From Denny: This video is great for demonstrating how to make a roux fast and furious on the stove. If you are unfamiliar with how to make a roux then this video will prove useful. Making a roux to the desired color of choice is all about preference. New Orleans uses a very dark roux the color of milk chocolate, sometimes darker. In Baton Rouge we go for a lighter roux about the color of caramel candy.
The traditional roux most people know is what you use for a cream sauce - but you don't take it to the darker stages before adding water, milk or cream. A traditional roux is where you heat a pan, add butter or oil, then add flour until well dissolved, then adding the liquid quickly. The key to a good roux in Louisiana cooking, besides the color which adds a richer roasted flavor since you are basically pan roasting the flour, is to cook the roux and liquid for at least 30 minutes to cook out the flour flavor and glue like texture. That's when the dish gets to shine as awesome flavor, playing up the spices.
Since this is a local food video, and the local media doesn't usually keep embedded videos available past one year, I've included some recipes for crawfish etouffee and smothered crawfish (about the same thing).
Smothering your food sounds a bit psychopath to people outside the American South but it's a favorite of the slow food mindset in country Cajun cooking. What are some of the essentials for this smothering technique? You have to bring on board The Holy Trinity of diced onions, bell pepper and celery - along with some salt, pepper and garlic powder.
The smothering technique is also used for meat dishes like pan fried pork chops that are then covered and cooked with a small amount of liquid and veggies, creating a gravy. Basically, it's a kind of braising. First you sear the meat, then add the onions, bell pepper and celery, then the flour. When you add the flour this way you get a lighter brown roux. Add your liquid of choice and you don't have to worry about getting lumps in your gravy. Just cover and slow cook for a while until desired tenderness. Easy as can be!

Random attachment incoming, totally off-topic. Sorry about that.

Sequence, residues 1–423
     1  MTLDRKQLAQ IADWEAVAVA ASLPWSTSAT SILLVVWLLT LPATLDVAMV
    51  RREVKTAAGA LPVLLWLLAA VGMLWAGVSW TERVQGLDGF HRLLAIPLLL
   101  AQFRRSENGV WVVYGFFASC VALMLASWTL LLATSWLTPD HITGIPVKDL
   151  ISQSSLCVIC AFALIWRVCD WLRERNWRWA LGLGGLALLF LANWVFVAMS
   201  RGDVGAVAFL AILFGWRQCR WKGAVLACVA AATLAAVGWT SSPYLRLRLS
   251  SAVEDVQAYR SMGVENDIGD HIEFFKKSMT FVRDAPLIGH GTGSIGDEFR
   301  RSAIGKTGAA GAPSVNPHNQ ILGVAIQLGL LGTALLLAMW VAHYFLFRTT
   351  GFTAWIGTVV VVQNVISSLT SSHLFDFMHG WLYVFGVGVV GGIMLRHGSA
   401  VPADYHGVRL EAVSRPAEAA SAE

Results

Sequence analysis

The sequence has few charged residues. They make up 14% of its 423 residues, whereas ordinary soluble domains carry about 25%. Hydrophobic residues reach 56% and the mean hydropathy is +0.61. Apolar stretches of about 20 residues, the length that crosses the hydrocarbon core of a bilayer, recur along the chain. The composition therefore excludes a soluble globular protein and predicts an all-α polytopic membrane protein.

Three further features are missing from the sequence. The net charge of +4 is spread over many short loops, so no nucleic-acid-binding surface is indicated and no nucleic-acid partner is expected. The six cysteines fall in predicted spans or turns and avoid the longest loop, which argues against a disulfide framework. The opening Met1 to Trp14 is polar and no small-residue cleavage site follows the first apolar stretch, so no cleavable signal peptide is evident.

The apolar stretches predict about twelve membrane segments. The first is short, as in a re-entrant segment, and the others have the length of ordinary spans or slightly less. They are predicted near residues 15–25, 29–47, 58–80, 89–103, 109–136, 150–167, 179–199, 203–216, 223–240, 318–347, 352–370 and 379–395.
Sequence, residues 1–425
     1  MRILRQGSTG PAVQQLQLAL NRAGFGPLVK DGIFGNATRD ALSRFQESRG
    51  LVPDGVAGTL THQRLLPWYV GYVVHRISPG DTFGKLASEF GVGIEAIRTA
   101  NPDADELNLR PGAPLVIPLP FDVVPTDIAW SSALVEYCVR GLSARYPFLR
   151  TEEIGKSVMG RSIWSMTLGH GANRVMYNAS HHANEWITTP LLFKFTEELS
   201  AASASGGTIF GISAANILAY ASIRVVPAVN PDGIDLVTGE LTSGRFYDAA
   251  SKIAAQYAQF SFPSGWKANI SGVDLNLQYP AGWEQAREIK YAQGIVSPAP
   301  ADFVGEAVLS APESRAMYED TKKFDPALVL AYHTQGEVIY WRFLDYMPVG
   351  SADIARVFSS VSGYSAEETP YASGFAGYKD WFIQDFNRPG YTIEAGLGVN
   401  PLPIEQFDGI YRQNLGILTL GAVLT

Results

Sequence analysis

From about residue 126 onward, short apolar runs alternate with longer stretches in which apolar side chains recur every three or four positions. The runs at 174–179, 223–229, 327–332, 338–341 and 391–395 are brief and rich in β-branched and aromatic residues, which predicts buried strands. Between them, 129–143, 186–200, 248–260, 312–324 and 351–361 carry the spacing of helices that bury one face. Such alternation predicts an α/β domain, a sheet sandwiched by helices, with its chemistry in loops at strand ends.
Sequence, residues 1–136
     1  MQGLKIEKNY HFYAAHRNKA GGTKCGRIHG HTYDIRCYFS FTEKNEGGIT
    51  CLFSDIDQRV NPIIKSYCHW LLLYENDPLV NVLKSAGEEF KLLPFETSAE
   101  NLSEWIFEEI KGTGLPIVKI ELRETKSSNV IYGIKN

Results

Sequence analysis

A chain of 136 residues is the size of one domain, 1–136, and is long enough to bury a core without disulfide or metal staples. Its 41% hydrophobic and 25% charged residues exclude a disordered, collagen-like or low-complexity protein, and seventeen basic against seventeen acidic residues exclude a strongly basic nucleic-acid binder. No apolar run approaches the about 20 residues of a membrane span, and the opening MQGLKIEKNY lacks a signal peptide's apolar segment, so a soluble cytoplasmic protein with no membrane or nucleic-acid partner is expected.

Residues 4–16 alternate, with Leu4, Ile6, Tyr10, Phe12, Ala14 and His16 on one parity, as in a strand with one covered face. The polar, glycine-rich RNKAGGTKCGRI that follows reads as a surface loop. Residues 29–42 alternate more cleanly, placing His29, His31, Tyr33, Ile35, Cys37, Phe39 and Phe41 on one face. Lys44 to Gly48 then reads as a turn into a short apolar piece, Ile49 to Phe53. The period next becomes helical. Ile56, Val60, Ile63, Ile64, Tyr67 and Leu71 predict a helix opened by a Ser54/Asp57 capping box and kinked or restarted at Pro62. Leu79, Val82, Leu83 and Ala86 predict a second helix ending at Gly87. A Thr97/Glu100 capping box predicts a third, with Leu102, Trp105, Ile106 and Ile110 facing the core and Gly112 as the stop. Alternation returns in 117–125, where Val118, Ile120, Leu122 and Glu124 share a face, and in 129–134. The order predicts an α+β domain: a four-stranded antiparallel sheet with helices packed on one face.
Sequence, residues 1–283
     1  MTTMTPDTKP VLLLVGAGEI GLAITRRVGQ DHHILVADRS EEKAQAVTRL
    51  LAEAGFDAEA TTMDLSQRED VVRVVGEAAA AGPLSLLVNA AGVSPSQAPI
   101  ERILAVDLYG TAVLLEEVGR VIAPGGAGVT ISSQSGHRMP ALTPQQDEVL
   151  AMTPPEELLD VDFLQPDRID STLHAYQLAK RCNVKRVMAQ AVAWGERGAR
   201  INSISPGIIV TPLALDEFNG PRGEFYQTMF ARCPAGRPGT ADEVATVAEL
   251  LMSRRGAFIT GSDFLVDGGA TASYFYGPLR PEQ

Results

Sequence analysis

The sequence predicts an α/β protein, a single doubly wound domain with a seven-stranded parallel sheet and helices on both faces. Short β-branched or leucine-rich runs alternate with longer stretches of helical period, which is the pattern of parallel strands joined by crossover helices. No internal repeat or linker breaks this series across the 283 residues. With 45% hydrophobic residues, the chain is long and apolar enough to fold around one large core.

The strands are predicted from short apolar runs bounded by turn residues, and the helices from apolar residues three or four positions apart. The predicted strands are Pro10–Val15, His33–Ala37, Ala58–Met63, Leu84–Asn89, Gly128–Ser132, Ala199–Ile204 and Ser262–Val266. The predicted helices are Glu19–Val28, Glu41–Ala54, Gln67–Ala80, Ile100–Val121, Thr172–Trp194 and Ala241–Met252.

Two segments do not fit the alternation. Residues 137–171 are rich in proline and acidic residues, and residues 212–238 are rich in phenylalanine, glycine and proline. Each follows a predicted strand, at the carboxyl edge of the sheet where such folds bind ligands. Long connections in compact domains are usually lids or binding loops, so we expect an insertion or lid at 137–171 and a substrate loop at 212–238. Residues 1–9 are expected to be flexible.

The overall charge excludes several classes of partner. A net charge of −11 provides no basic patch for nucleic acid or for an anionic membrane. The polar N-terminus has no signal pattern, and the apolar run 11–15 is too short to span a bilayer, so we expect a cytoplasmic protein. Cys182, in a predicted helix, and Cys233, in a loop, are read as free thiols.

It's one of those low maintenance dishes you can ignore for 30 minutes to an hour or keep on low heat until ready to serve. These kinds of slow food smothered dishes work well for busy households where everyone is on the go with different schedules but want a home cooked meal ready and waiting with ease. In the South we even smother potatoes and other vegetables besides meat dishes.
Chef Joe Caton, of Louisiana Lagniappe restaurant in Baton Rouge, serves up a classic Louisiana crawfish etouffee. He only offers this dish when the crawfish are in season and fresh. Be sure to visit Louisiana during crawfish season which lasts through May! The rest of the year you will only find the crawfish tails frozen.
If you don't have access to crawfish in your area then consider using shrimp, oysters or a meaty fish as any of those choices are equally wonderful!
From: The Louisiana Seafood Bible: Crawfish cookbook by Jerald and Glenda Horst
1 stick butter
2 medium onions, finely chopped
2 small bell peppers, finely chopped
4 cloves garlic, minced
2 tbls. flour
2 lbs. crawfish tails
1 tsp. salt
1/2 tsp. black pepper
1. Melt the butter in a cast-iron Dutch oven over low heat. Add the onions, bell peppers and garlic. Sauté over heat until the onions are transparent.
2. Add the flour and stir until blended.
3. Add the crawfish, salt and pepper. Cover and cook for 15 minutes, stirring frequently. Serve over cooked rice.
Tip: Smothering works best in a cast-iron pot over low heat. Take your time and do not rush this dish.
More recipes for Crawfish Etouffee from this blog:
Louisiana Crawfish Etouffee From Lafittes Landing - Famous Louisiana Chef John Folse
New Orleans Recipes: Crawfish Etouffee, Chicken and Sausage Gumbo, Jambalaya, Sazerac Cocktail
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